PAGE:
My training predictably put me in a bad place. A month out from the race I could have probably PR’d for a marathon but I knew that I was in no way ready to attempt a trail 50 miler. I also had started to suffer from an IT band issue. I had never had the joy of ITBS and it wrecked my running. However, all the way up to a couple days before the race, I was dumb enough to think I could have run the full 50 miles. It didn’t help that my friend Kat had also signed up. To say that she was in beast mode during college would be an understatement. She was one of the few people I knew at the time that could show up on any given Sunday and a run sub 4 hour marathon. Committing to running the race and knowing that she could, definitely added some pressure.
I lucked out. A horrible storm rolled through and canceled the race that year. North Face stepped up and impressed me by having a banquet dinner for the runners. They gave out free North Face swag. Mr. Dean Karnazes signed books, stood around and talked with fans, and took pictures with all the runners in attendance. The race organizers for the Endurance Challenge went out of their way to try to provide the obviously let down runners with a quality experience.
Fast forward to November 2011. I had the privilege of cheering on my good friend Melissa during the Savannah Rock and Roll Marathon. A race I had signed up for and failed to train for. She was awesome and I had a blast cheering her and the other runners on. I also was dying to get out there with them. I signed up for the DC Rock and Roll Marathon before we left Savannah. When I got home, I bought a new pair running shoes.
Inspired by multiple people on twitter I began a running/beer streak. Every day I ran at least a mile and drink at least one beer. The theory being: how horrible can a day be if I was able to enjoy two things I love? Also, even though I had not been running much in 2011, I began researching races for after I finished the DC R&R. I noticed that the DC North Face Endurance Challenge had moved to the first weekend in June. I felt like it was an unfinished opportunity. It was a good month after I registered before I told anyone.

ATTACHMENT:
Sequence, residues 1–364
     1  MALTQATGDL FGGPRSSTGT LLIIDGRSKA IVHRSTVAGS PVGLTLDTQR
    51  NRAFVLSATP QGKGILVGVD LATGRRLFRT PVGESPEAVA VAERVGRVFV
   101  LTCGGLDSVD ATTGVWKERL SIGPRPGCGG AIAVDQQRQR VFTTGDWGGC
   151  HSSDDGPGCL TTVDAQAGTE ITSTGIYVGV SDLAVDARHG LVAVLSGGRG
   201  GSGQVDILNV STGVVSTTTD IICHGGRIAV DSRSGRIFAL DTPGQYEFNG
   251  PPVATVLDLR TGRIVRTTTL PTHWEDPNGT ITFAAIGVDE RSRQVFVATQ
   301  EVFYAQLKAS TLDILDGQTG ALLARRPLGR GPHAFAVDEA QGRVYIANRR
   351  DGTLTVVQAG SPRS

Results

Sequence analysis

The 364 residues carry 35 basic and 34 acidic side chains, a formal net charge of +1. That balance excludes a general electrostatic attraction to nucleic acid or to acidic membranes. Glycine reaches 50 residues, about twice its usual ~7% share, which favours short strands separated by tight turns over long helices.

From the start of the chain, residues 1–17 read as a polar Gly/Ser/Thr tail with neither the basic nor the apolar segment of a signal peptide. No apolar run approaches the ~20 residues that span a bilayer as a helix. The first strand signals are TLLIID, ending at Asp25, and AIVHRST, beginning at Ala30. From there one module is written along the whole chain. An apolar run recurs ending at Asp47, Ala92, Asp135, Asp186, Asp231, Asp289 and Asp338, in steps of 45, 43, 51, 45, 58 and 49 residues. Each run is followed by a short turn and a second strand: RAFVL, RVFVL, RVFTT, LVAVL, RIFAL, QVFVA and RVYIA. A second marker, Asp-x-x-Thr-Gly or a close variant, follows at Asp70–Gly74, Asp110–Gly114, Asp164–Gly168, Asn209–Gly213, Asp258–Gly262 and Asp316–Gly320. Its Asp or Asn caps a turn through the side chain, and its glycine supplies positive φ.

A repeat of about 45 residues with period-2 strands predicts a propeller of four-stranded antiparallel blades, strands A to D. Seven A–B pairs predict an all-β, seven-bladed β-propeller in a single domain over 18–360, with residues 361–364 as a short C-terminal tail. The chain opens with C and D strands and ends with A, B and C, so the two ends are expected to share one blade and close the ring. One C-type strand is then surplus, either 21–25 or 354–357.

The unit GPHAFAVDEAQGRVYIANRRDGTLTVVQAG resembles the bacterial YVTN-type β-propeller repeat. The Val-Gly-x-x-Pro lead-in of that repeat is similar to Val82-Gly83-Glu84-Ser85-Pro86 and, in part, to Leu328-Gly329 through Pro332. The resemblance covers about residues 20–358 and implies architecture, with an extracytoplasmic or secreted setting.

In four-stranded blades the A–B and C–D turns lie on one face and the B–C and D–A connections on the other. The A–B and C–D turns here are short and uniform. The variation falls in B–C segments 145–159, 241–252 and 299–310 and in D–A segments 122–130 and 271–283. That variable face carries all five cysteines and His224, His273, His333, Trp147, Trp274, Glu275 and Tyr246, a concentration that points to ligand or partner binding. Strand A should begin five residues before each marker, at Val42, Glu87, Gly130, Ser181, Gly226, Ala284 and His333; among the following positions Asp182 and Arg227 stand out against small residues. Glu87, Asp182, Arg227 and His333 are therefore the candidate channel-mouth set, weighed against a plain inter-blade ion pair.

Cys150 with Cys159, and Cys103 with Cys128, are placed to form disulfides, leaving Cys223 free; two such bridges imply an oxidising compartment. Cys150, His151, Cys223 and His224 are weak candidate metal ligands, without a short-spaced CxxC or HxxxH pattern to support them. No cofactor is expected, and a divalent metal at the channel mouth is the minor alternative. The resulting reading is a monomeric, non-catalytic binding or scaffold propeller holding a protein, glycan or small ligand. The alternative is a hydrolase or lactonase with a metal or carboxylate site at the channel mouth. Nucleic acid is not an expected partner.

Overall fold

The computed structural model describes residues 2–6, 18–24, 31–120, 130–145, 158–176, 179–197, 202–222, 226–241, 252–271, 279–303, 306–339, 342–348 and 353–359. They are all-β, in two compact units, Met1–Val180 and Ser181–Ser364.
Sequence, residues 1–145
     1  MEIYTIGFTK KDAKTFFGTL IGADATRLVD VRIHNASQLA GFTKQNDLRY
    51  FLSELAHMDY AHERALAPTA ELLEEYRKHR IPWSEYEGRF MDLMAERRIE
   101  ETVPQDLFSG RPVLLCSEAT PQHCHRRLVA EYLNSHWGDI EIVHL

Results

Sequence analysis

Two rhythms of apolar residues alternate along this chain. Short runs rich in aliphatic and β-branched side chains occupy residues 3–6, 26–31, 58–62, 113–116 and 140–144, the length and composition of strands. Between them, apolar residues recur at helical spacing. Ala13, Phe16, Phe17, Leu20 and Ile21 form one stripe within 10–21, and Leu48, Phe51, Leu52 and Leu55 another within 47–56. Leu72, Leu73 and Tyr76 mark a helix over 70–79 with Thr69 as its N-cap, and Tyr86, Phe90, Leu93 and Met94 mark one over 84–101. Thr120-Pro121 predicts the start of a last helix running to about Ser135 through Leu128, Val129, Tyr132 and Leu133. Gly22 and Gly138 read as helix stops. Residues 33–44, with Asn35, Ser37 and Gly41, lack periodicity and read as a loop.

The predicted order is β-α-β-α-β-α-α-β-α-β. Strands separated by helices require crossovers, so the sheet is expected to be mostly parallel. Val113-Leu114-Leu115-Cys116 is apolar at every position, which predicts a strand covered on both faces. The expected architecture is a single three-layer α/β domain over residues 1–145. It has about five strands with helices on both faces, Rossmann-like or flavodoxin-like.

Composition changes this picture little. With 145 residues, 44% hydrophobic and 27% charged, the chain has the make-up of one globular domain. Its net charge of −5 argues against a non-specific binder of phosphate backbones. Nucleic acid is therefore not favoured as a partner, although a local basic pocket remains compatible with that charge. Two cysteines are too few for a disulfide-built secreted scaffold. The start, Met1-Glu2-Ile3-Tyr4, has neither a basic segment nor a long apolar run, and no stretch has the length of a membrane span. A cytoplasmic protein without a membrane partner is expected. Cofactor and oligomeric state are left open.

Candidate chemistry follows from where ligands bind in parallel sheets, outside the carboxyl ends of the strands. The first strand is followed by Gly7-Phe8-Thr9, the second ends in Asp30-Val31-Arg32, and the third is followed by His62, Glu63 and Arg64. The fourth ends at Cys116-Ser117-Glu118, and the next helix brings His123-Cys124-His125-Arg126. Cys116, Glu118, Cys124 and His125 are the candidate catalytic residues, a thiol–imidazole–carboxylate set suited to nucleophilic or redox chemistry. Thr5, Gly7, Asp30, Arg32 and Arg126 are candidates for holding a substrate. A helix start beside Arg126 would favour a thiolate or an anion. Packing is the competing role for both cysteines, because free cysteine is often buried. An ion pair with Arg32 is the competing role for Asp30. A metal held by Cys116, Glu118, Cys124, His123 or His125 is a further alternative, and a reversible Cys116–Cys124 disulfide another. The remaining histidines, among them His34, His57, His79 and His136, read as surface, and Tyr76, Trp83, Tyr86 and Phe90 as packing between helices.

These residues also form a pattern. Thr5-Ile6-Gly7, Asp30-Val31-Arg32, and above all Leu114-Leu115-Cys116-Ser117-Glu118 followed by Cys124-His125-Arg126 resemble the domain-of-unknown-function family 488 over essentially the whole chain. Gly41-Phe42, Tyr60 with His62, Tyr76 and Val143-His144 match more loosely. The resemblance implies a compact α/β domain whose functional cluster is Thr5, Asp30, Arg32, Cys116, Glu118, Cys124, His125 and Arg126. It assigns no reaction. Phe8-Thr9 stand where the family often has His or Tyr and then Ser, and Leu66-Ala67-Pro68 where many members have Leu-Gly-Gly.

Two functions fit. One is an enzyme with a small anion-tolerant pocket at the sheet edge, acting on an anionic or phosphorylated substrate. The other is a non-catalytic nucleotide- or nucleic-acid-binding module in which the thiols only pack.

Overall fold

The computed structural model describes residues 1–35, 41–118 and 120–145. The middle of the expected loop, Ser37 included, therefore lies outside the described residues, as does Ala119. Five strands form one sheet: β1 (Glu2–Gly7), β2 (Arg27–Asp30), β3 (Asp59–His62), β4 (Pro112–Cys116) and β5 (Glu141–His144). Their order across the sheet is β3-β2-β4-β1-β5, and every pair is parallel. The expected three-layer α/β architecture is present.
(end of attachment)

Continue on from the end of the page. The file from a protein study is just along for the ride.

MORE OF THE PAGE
Training through winter may have been the best thing for me. I have always hated running in the cold, but there was something relaxing about going out in the cold dark evenings and pushing myself. It was also awesome that I was the only one running through my neighborhood. When I was able to hit the local train, an awesome 7 mile loop around a large man made lake, the only sounds that kept me company were crunching leaves. By the time that it started to warm up, I felt like the returning runners where invading my privacy.
I used the 10% rule (slowly increasing my mileage by 10% per week to prevent injury) until I was regularly putting in over 50 miles per week. I celebrated the first time that I ran over 50 miles in one week. I did not focus on the speed as much as focused on the miles. Sara and I also bought a treadmill. I had intended on using the treadmill to work on speed walking. While I had never walked much during marathons, I had read many times that it was imperative to walk the inclines to conserve energy. I had to admit that I did not use the treadmill nearly enough.
In March, the DC Rock & Roll was a strong performance. I managed to PR by 4 minutes running a 3:52 minute marathon. I also stopped around mile 6 and drank a beer with some friendly local Hashers (On-On). I did not taper for the marathon. I ran a total of 67 mils that week, ending with the personal best.
By the time late May came around, I was in the best running shape of my life. Additionally, I have never been more happy in my personal life. I felt like running was able to center me and allowed me to put everything into balance. Knowing that I was going to run at least a mile and normally an hour or more everyday forced me to prioritize everything. I made time for Sara, time for myself, was more patient at work, and felt awesome.
The North Face allows any 50 mile runner to have a pacer. I had never run with a pacer before, but then again I had never run 50 miles before. While I believed that I could finish the race unassisted, I reached out to an old running friend, Josh, for a little help. I have run more miles with Josh than anyone else. We were on the cross country team together and meet regularly to put in a few miles. He is one of those people that not only knows me as a runner, but will put up with me at my worst.
Sara and I would be stayed at her parents house, which was significantly closer to Algonkian State Park, which would be the start and the finish line. The night before the race I had a good beer, ate some pasta, and felt really relaxed. I can remember goofing off with Sara and being really relaxed. More relaxed than I had been for any other race. I was ready to attempt my first 50 mile ultramarathon. My first ultramarathon.